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$\ce{N}$ is more electronegative than $\ce{Cl}$ (albeit by a very small difference) but it should ideally dissociate as $\ce{Cl+}$ and $\ce{-NO}$ (similar to the dissociation of $\ce{Cl}$ in $\ce{HOCl}$). Moreover, due to the stronger bonding between $\ce{N}$ and $\ce{O, N}$ should also be pulling electrons even more tightly to itself due to the very electronegative $\ce{ O}$ by its side.

I was doing a problem on the electrophilic addition of $\ce{NOCl}$ on alkene and ended by getting the wrong product (according to the book) because I took $\ce{Cl+}$ and $\ce{-NO}$ in the mechanism at the very beginning. Could someone explain?

I've attached pictures of what I have done and what the book has done too. Please correct me if I am wrong.

What I did:
enter image description here
What the book did:
enter image description here

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    $\begingroup$ Note: Electronegativity of Cl >$\approx$ Electronegativity of N. $\endgroup$ – MollyCooL Apr 5 '18 at 18:26
  • $\begingroup$ @MollyCooL Could you further explain why? Doesn't N form hydrogen bonds but not Cl? Shouldn't that be considered as a push for N to be more electronegative. $\endgroup$ – Neha Malcom Apr 5 '18 at 18:30
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    $\begingroup$ The regiochemistry of Markovnikov addition of ClN=O to propene gives the answer. BTW the chloronitroso cmpd. your book gives as a answer likely tautomerizes to the oxime of 2-chloropropanal. $\endgroup$ – user55119 Apr 5 '18 at 18:39
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    $\begingroup$ Of course N supports H-bonding but Cl doesn’t. That in no way means N is more electronegative. @NehaMalcom $\endgroup$ – MollyCooL Apr 6 '18 at 0:03
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    $\begingroup$ Regarding your drawing: a positive charge "(+)" never attacks a double bond or lone pair. Always the other way around. $\endgroup$ – pH13 - Yet another Philipp Apr 6 '18 at 8:22
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Firstly, the correct comparison to make to determine which is more likely of $\ce{NO+}+\ce{Cl-}$ and $\ce{NO-}+\ce{Cl+}$ is the ionization potential vs. the electron affinity of the the two species. The electronegativities are correlated with these other metrics, but it is important to emphasize that those are really the important things.

Relatedly, nitrosonium $\ce{NO+}$ is stabilized by resonance and so this is a considerably stabilized cation (i.e. IP not too high). On the other hand, the IP of $\ce{Cl}$ is huge while the EA is small; it would much rather get an electron than lose one. The hyponitrite anion $\ce{NO-}$ actually usually dimerizes for reasons outside the bounds of the question. So $\ce{NO+}+\ce{Cl-}$ is way lower in energy.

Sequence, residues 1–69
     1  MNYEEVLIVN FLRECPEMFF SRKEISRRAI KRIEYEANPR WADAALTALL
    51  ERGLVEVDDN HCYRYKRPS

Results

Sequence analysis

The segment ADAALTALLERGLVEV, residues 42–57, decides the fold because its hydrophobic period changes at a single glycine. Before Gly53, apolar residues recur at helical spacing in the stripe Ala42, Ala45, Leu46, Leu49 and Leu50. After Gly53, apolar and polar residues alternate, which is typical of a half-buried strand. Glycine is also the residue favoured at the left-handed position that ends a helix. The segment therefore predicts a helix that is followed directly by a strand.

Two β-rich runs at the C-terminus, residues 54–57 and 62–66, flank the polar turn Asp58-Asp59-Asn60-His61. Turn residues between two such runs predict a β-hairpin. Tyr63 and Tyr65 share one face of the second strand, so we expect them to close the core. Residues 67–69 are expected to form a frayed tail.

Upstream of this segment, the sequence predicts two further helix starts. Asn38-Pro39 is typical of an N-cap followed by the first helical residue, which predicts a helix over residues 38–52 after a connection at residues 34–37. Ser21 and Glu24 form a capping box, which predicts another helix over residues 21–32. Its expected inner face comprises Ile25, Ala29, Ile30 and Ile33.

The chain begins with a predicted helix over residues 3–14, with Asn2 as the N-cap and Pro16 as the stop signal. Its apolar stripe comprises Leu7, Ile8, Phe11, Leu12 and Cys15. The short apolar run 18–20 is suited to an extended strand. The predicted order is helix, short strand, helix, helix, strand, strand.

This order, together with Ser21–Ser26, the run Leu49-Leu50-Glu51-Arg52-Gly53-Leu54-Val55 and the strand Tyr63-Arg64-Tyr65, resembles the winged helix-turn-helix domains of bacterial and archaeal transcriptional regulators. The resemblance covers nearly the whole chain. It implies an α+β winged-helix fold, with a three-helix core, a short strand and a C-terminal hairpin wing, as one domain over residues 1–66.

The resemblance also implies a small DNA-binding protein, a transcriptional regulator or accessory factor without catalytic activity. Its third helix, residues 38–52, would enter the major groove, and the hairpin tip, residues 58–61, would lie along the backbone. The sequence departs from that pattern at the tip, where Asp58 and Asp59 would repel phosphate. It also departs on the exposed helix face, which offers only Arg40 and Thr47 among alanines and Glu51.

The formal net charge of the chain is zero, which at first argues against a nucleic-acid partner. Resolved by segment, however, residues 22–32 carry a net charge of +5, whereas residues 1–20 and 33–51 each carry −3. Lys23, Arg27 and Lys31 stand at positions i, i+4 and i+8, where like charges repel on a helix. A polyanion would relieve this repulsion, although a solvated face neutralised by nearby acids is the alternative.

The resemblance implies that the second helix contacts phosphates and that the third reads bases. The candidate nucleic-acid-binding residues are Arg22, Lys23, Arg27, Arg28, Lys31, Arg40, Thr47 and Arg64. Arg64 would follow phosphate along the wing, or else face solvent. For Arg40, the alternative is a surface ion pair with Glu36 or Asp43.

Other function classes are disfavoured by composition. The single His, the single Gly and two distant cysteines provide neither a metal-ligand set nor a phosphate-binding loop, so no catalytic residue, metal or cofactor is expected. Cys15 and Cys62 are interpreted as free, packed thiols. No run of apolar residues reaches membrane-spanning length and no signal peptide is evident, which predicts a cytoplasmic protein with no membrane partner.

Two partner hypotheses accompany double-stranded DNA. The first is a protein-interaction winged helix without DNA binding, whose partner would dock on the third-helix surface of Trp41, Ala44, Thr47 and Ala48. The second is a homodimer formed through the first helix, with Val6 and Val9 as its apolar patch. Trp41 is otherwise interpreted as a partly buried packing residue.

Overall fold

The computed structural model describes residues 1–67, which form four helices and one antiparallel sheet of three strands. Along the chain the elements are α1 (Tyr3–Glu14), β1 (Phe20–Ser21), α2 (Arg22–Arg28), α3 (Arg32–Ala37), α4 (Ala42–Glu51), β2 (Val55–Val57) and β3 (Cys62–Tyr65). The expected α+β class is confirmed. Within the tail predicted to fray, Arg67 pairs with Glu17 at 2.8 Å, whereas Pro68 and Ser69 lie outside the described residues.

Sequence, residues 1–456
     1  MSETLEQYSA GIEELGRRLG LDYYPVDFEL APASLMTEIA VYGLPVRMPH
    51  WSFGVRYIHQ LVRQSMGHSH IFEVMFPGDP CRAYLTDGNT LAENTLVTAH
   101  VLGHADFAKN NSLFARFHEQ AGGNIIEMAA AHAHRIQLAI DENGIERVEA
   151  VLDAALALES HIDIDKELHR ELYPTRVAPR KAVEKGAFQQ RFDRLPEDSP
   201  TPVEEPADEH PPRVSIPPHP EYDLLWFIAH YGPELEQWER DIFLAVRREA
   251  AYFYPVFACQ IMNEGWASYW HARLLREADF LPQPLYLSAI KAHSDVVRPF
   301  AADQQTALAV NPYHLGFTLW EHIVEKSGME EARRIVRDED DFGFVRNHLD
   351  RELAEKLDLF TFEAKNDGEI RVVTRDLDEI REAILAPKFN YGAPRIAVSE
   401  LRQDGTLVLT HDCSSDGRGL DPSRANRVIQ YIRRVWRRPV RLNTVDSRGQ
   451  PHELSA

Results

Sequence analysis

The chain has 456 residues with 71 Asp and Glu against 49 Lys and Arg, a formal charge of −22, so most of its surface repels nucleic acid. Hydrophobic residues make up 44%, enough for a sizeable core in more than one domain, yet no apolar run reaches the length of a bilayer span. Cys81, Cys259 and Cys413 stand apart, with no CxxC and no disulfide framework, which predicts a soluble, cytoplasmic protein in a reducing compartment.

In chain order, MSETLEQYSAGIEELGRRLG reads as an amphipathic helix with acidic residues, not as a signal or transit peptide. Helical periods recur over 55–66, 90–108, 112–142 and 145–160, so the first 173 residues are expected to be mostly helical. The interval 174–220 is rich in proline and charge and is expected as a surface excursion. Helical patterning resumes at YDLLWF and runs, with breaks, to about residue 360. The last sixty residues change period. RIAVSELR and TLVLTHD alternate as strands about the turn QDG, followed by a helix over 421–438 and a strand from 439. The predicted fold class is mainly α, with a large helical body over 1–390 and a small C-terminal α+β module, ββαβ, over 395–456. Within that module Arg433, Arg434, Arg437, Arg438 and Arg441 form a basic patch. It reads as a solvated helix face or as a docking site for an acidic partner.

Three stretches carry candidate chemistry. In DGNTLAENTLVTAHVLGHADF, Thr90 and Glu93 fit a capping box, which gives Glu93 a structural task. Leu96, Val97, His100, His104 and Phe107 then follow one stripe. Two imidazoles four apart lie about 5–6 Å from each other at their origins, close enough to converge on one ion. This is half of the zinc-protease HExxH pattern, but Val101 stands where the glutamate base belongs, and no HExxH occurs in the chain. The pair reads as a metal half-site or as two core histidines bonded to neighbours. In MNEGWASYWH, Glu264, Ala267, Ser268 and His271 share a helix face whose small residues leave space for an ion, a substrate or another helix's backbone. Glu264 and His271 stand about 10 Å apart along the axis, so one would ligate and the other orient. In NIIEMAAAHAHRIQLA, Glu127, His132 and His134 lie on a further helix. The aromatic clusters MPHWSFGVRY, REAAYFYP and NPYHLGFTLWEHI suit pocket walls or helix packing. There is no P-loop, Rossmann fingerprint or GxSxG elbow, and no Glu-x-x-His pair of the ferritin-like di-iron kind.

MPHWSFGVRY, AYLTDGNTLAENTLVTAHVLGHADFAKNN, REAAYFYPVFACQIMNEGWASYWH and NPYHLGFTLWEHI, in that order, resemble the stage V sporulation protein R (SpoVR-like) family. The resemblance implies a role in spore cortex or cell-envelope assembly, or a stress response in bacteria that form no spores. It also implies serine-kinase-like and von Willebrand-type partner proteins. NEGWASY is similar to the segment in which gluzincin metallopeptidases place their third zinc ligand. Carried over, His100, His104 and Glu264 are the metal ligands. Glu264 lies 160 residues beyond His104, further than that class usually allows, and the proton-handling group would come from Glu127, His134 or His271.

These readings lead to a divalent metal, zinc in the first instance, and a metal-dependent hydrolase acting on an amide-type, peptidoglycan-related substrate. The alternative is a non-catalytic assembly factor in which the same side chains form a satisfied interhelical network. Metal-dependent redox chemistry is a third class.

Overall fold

In general, a red-flag should go up when you see halogens with positive charges. They do happen, but very rarely, especially at the level of chemistry in an intro organic course.

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    $\begingroup$ Actually there can be halogens with positive charges. But, only if these are pi-bonded to something else so as to keep their full octet, like a contributing structure to a $\ce{CR2Cl+}$ ion. $\endgroup$ – Oscar Lanzi Apr 6 '18 at 9:44
  • $\begingroup$ You don't even need to get that exotic. There are $\sigma$-bonded examples. ICl (iodine monochloride) is a bench stable source of $\ce{I+}$ and is a superb reagent for turning Aryl-TMS to Aryl-I. I stand by that halogens with positive charges should set off red-flags, especially at intro organic (which is the level of most Chem SE users). You will be served best by treating such invocations with caution. $\endgroup$ – levineds Apr 6 '18 at 18:46
  • $\begingroup$ Not a positive formal charge, though, which is what I thought you meant. Nucleophilic attack on ICl could be Sn2. In any event "short of an octet" is a bigger problem for halogens, even fluorine, than a positive charge per se. $\endgroup$ – Oscar Lanzi Apr 6 '18 at 18:49
  • $\begingroup$ The original question involved invoking fully dissociated $\ce{NO-}$ and $\ce{Cl+}$ so that it what I'm talking about with respect to charges. ICl is principally an electrophilic reagent (although I'm told it can add to double bonds, I've only ever used it for electrophilic aromatic substitution). $\endgroup$ – levineds Apr 6 '18 at 18:59
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NOCl cannot be considered as NaOCl for the calculation of oxidation staes owing to the following : (i)Na is highly electropostive and it exhibits +1 state always (ii) O is neither peroxide or superoxide in NOCl ; it is normal oxide and it is in -2 state (iii)O exhibits positive oxidation state only with F (iv)N is next to O in electronegativity and it exhibits -3 to +5 states (v)NOCl adds to unsymmterical alkenes obeying Markovnikov's rule i.e., NO+ attacks double bonded carbon containing more hydrogens to create a secondary carbocation which is attacked by chloride ion to give the major product (vi)So the calculation is x - 2 = +1 and x =+3 In nitrosyl chloride, the oxidation state of N is +3

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